Generosity involves a certain non-attachment to resources, cultivating an attitude of abundance versus a mind of scarcity. This requires fearlessness and courage. True generosity also requires non-attachment to outcome. We endeavor to give freely, without conditions on how gifts are used or whether something is received in return. This sort of giving has nothing to do with I, me or mine– its free from ego. Through the act of giving, something precious is received – essentially the giver and receiver become one. Giving without attachment to ego or outcome connects us with the whole of humanity and awakens us to our true nature.
Generosity Home Practices:
- Practice compassionate breathing – notice how the in-breath nourishes and the out-breath soothes, mentally send something good to others on the out-breath and something nourishing to yourself on the in-breath.
- Step out of automatic pilot – notice the ways in which you give without even really thinking about it as well as the ways in which you resist giving or take unnecessarily. When we notice resistance to giving or a tendency to take, this creates space for choice in which a spirit of generosity can arise.
- Lovingkindness to go – when driving or riding in a vehicle, at every stop, take a full breath, check in and then wish yourself or another well. “May we be happy. May we be content. May we live with ease.” If you use public transportation, when you take your seat, send yourself and your fellow travelers phrases of loving kindness.
- Give the gift of attention – when you are standing in line, pumping gas, or sitting in a waiting room, silently extend goodwill to those around you. Engage people you encounter in friendly conversation, look them in the eye, and really listen when they speak.
- Harness your devices for good – use your various notifications, alerts and reminders to prompt you to pause, take a breath, and send yourself and others well-wishes.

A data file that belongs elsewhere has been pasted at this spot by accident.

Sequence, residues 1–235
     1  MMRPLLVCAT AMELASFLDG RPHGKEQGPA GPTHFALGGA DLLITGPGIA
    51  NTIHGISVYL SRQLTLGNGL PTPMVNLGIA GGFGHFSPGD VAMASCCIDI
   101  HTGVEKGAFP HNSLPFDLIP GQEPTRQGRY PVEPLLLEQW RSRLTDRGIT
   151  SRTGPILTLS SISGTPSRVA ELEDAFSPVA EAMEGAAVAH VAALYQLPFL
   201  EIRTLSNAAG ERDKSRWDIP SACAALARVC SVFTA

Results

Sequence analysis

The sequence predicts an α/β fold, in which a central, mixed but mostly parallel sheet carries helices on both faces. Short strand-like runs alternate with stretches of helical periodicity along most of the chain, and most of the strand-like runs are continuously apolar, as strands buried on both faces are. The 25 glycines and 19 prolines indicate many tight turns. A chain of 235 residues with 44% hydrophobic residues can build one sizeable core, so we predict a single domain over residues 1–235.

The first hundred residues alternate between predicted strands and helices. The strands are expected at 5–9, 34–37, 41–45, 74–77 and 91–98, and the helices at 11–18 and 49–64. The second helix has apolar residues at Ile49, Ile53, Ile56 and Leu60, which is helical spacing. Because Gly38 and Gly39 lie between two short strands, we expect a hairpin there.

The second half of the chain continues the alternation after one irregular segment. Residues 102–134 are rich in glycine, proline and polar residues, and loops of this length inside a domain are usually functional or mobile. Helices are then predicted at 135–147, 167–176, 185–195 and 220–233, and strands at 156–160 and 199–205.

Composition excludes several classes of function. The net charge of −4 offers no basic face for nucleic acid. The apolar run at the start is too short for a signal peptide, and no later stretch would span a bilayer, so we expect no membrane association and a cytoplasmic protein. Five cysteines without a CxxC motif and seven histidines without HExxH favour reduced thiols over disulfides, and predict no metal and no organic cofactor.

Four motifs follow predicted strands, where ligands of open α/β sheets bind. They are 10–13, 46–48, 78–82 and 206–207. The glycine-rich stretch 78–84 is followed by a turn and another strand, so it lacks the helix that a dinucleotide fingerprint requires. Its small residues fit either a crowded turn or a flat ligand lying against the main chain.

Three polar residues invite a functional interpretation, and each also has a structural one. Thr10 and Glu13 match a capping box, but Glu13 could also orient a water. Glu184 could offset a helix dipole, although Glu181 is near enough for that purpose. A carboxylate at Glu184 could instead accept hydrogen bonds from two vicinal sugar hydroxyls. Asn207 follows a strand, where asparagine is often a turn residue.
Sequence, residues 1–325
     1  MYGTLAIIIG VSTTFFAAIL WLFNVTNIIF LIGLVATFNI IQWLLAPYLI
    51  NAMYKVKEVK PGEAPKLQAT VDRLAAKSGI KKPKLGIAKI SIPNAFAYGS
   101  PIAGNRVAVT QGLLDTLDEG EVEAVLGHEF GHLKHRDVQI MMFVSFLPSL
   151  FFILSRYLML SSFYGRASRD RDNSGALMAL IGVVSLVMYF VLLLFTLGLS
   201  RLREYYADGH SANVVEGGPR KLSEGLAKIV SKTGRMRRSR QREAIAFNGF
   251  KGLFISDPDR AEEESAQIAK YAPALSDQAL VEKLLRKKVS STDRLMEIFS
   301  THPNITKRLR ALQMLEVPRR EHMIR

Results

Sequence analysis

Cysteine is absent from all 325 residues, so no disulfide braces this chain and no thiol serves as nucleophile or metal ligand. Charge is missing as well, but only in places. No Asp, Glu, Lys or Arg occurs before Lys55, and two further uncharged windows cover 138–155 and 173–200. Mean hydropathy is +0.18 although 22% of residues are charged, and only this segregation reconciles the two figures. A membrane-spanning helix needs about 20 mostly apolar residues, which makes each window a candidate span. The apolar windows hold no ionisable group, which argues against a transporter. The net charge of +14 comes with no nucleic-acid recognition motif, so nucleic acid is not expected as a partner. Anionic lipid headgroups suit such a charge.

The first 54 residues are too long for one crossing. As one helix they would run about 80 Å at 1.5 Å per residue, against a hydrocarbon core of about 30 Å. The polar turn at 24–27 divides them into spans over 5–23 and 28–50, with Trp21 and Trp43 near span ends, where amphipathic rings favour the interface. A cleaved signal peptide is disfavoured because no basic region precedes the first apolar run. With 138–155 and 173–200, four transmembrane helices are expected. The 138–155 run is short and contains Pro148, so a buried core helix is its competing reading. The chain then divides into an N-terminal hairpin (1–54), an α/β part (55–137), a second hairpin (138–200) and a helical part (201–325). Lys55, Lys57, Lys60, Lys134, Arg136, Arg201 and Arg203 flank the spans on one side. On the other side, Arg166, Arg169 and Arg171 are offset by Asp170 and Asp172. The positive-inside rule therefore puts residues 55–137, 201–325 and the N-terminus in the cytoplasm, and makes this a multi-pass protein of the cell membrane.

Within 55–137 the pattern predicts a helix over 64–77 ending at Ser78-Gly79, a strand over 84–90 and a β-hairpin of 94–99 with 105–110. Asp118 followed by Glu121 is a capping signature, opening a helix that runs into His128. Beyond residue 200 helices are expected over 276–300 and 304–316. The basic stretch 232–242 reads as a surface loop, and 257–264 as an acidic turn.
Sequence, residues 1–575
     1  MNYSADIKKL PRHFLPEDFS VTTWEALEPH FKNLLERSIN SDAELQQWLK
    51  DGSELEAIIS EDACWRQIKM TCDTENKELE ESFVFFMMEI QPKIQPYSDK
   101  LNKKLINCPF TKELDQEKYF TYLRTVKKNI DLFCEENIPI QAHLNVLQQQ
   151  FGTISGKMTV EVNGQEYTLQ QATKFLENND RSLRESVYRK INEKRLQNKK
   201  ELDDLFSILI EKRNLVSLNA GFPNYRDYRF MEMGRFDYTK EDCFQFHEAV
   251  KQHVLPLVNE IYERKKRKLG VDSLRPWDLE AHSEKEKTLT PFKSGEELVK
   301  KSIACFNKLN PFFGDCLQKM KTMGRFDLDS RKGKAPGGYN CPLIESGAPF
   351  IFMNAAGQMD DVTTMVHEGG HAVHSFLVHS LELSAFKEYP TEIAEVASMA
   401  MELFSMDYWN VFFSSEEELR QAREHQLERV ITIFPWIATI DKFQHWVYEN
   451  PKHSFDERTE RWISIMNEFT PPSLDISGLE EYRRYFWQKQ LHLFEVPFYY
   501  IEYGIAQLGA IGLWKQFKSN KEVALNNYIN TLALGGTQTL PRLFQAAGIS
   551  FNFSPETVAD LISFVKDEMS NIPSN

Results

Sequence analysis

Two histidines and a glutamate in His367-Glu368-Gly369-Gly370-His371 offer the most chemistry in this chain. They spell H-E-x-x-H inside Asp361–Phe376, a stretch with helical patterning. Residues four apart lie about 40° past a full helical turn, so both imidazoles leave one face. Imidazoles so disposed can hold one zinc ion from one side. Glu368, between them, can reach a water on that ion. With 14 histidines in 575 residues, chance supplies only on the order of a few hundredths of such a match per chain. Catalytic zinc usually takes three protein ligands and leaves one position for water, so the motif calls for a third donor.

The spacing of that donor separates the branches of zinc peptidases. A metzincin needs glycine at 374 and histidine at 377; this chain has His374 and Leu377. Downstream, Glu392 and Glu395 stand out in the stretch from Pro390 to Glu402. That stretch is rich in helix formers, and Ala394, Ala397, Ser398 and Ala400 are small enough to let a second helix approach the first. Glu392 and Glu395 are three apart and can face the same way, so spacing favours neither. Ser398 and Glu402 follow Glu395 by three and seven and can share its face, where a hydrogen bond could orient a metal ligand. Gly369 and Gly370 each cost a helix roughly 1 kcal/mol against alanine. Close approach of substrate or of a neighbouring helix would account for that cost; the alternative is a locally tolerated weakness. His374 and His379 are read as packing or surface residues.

- Acknowledge the humanity of someone in need – here in the city we often encounter people asking for support. When this happens say hello to them, inquire into their wellbeing, and give some resources or encouragement. I keep $5 fast food gift cards on hand for this purpose.
Once the “Sacred Fire” of compassion and gratitude is ignited, we find a deep generosity of spirit within ourselves, authentic identity, and our true belonging. – Stephen Sims
Join the Midwest Alliance for Mindfulness for our Intro to Mindfulness course for a more in-depth exploration of the attitudinal factors that, according to Jon Kabat-Zinn, “constitute the major pillars of mindfulness practice”.
A Network for Grateful Living -A global organization offering online and community-based educational programs and practices, which inspire and guide a commitment to grateful living, and catalyze the transformative power of personal and societal responsibility. We hold grateful living as an engaged mindfulness practice, grounded in both wisdom and science, which supports our ability to see the wonder and opportunity in every moment, and motivates us to act boldly with love, generosity, and respect towards one another, ourselves, and the Earth.
Tara Brach: Talks on Gratitude & Generosity